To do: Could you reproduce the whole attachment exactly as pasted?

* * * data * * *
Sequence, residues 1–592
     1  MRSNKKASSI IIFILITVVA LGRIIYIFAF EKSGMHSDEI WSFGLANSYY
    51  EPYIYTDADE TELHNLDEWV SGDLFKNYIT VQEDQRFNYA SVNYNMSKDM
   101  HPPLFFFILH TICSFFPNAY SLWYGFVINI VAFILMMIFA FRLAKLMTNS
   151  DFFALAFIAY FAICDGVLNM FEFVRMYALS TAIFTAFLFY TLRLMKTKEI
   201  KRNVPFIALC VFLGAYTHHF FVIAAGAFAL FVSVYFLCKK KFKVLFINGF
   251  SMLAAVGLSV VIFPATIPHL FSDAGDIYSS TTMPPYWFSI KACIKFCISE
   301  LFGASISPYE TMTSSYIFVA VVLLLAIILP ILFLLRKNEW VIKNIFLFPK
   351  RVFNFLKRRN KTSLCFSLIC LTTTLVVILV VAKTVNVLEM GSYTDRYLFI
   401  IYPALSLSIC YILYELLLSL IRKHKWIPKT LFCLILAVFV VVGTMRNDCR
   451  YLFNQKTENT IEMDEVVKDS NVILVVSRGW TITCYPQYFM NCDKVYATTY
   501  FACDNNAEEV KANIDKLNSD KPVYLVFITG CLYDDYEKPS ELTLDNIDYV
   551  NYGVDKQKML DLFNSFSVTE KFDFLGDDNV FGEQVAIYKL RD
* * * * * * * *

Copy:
Sequence, residues 1–592
     1  MRSNKKASSI IIFILITVVA LGRIIYIFAF EKSGMHSDEI WSFGLANSYY
    51  EPYIYTDADE TELHNLDEWV SGDLFKNYIT VQEDQRFNYA SVNYNMSKDM
   101  HPPLFFFILH TICSFFPNAY SLWYGFVINI VAFILMMIFA FRLAKLMTNS
   151  DFFALAFIAY FAICDGVLNM FEFVRMYALS TAIFTAFLFY TLRLMKTKEI
   201  KRNVPFIALC VFLGAYTHHF FVIAAGAFAL FVSVYFLCKK KFKVLFINGF
   251  SMLAAVGLSV VIFPATIPHL FSDAGDIYSS TTMPPYWFSI KACIKFCISE
   301  LFGASISPYE TMTSSYIFVA VVLLLAIILP ILFLLRKNEW VIKNIFLFPK
   351  RVFNFLKRRN KTSLCFSLIC LTTTLVVILV VAKTVNVLEM GSYTDRYLFI
   401  IYPALSLSIC YILYELLLSL IRKHKWIPKT LFCLILAVFV VVGTMRNDCR
   451  YLFNQKTENT IEMDEVVKDS NVILVVSRGW TITCYPQYFM NCDKVYATTY
   501  FACDNNAEEV KANIDKLNSD KPVYLVFITG CLYDDYEKPS ELTLDNIDYV
   551  NYGVDKQKML DLFNSFSVTE KFDFLGDDNV FGEQVAIYKL RD